Review: UnEpic (Wii U)

5 mins read
Review by Pierre-Yves L.

I swear the game starts off just like my typical Thursday nights. The hero of Unepic is sitting around a table with some friends playing a pen-and-paper game like Dungeons & Dragons. Banter. Check. Snarky remarks. Check. This is looking good! Then something strange happens. The hero has to pee.

He heads off to the toilet (no this is not a quest) and is somehow sucked into a real-life version of the game he was just playing. The game pops up a brief message of how to access the hero’s inventory and from there it’s time to get adventuring. right then and there in decided that the gamepad was a better choice than the Pro controller.

Fans of old school NES and SNES games like Castlevania and Ghosts ‘n Goblins are going to feel right at home with this game, as they’re a near-perfect throwback to that era of play. But then the game plays quite modern, which is a balancing act that many games try to achieve but ultimately fail. Here the developers have nailed it.

In Unepic the majority of your time will be spent exploring. By default you’re carrying around a Zippo lighter, which offers a little bit of light, but in every room there are torches/ braziers / long candle holders that, when lit, offer far better lighting than what your zippo can produce. Furthermore, the extra light will reveal a steady stream of secrets that have been hidden in the dark prior. This lighting system is a neat concept that adds quite a bit to the game; it definitely offers an intrepid explorer the suspense of wondering what lies in wait there in the dark.

Another modern touch is that there’s a neat manner of fast travel integrated into the adventure. You’ll find these gates here and there as you explore, and when you do make sure you open them. They lead to a hub of sorts that will allow you to walk through any other open door that is available to instantly travel to that part of the dungeon.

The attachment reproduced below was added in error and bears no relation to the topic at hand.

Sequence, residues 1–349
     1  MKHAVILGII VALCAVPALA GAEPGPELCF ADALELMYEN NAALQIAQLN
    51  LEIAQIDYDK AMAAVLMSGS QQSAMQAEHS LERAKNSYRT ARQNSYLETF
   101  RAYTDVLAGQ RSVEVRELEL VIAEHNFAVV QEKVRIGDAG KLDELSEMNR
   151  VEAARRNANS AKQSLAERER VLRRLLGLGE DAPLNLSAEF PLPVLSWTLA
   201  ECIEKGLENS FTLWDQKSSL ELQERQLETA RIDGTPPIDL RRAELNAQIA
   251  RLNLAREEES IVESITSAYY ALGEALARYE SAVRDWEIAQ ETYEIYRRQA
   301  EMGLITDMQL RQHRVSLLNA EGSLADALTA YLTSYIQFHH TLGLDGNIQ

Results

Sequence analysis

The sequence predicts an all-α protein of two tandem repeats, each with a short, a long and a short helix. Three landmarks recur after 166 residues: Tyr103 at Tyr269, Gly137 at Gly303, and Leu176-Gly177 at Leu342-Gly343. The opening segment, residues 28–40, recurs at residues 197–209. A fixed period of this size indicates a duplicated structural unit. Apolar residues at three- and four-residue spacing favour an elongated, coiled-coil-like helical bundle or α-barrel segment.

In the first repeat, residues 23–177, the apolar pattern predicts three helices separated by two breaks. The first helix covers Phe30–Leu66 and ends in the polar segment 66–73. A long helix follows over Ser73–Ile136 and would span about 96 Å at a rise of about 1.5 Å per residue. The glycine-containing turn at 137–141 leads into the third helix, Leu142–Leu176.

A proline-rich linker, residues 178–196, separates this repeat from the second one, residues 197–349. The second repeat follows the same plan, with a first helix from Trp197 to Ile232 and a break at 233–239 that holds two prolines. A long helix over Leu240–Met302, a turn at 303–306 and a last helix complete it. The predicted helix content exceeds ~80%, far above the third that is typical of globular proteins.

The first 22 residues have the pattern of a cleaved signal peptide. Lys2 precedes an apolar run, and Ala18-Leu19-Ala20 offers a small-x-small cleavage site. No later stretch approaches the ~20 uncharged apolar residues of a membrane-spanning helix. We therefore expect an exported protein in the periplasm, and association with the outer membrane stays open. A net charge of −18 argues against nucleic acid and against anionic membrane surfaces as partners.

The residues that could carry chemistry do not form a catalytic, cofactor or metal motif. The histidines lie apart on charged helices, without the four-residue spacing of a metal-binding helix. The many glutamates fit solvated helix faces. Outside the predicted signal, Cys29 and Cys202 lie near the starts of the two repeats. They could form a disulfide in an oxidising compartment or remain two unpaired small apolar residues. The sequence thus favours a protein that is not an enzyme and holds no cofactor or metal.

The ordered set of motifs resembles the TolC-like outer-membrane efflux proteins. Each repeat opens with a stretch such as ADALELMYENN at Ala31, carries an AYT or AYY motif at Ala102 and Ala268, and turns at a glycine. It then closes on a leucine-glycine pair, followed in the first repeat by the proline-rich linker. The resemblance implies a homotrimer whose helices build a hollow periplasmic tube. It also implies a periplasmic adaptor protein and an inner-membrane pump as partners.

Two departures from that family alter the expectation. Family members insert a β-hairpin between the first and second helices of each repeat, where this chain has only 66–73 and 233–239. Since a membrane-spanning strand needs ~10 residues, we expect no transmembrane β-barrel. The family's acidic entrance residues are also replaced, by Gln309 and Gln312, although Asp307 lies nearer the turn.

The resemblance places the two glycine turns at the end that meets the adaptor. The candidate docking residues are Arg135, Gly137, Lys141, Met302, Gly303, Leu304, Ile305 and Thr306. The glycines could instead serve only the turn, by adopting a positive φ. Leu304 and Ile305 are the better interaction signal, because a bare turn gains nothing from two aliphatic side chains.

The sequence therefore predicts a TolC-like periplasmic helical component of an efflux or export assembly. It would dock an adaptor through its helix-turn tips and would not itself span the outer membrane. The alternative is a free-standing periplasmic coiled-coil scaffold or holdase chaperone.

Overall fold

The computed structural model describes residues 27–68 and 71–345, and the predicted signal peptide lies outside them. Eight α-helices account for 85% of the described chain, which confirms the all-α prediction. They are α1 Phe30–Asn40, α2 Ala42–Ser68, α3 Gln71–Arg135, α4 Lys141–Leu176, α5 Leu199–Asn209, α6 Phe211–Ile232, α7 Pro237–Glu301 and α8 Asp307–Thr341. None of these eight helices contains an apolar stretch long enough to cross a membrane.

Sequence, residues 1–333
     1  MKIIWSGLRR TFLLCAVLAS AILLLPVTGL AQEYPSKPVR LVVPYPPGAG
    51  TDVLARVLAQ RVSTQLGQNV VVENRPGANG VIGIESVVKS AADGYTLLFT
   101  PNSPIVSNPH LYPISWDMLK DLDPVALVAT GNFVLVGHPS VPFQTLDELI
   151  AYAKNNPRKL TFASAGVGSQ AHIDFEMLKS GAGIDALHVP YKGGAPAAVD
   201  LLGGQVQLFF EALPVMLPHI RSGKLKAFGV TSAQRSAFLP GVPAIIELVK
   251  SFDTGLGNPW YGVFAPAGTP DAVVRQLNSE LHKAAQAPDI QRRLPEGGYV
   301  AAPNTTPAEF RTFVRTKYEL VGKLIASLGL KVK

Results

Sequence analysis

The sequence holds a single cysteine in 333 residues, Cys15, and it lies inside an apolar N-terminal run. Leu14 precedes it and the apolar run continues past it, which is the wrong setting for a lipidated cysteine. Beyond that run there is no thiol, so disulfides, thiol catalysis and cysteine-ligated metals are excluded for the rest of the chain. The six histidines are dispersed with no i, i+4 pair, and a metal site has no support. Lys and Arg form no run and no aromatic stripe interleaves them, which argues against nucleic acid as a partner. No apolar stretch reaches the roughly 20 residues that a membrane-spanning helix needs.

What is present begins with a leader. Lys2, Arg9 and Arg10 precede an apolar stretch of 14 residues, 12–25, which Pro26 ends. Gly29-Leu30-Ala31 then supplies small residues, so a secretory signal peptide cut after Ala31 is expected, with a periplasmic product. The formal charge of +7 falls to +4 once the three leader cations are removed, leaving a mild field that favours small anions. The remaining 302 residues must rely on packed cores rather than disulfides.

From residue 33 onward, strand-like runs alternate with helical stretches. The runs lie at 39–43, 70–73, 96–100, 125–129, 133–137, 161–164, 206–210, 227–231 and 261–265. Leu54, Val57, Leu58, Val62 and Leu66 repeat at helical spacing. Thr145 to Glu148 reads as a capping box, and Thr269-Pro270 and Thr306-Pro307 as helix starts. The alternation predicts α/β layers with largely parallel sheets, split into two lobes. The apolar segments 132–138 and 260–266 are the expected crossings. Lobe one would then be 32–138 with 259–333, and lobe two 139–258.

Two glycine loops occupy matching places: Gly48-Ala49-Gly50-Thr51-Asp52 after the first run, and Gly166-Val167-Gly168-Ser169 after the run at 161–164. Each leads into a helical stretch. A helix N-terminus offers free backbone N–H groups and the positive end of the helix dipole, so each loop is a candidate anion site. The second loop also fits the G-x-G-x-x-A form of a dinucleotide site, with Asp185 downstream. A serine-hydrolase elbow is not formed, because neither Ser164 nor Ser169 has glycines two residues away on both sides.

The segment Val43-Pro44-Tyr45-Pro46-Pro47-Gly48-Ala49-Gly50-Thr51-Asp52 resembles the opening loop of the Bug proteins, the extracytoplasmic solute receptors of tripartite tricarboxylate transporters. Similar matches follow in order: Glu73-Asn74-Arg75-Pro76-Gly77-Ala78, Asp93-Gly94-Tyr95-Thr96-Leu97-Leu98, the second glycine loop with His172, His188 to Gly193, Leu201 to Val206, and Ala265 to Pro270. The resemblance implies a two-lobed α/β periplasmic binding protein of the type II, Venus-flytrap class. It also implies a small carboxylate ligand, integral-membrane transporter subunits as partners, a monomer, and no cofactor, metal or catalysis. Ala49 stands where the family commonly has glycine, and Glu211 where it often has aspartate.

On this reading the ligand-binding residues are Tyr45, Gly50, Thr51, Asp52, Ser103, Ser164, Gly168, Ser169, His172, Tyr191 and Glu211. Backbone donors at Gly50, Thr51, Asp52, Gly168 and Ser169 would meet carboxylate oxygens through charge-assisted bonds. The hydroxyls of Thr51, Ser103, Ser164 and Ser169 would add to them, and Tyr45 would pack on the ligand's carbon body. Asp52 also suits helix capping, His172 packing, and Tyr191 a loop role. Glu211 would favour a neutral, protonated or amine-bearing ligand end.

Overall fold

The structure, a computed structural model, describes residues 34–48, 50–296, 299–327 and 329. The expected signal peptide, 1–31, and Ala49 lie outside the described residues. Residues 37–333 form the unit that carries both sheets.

Gameplay wise Unepic doesn’t hold your hand but it doesn’t throw you to your death either like some other “hard” games feel keen to do at times (See Demon’s/ Dark Souls). The game manages to dish out the appropriate amount of information to tell you when it becomes relevant. Combat feels polished regardless of whether the character is involved in melee or ranged combat. There’s some good variety to it too, with not every weapon being designed for every creature. You won’t be able to blindly run into every room.

The only real place where the game feels uncomfortable is with the jumping mechanics, which at first seem a little lacking but with practice it fits with the overall tone and style of the game. Actually the jumping made me think back to another retro classic; Teenage Mutant Ninja Turtles on the NES. It takes a bit of getting used to but once you learn the timing and the distances it’s hardly noticeable.

Leveling up grants you the ability to place points into each of the different weapon types that you can wield as well as statistics such as Constitution/ Potions/ Armour/ and Robes. These stat points increase the effectiveness and then speeds of their respective types. The system is rather straight forward and easy to understand. Each point into an ability tells you what bonuses it is granting you which is nice. As you get further into the game, there are quests that allow you to learn new magic types, such as Fire, Ice, Healing, and so on. These unlock more skills in your character sheet. Levelling up these skills grants you the ability to craft higher level potions and cast higher level spells. So for a game that looks so simple, there’s a surprising amount of depth to it.

Unepic is a solid game that holds up very well throughout. It offers up a stiff challenge, while maintaining a sound sense of humour, and will go down especially well with those of us that remember (or still play) all-night Dungeons & Dragons sessions.

Pierre-Yves L. 

This is the bio under which all legacy articles are published (as in the 12,000-odd, before we moved to the new Website and platform). This is not a member of the DDNet Team. Please see the article's text for byline attribution.

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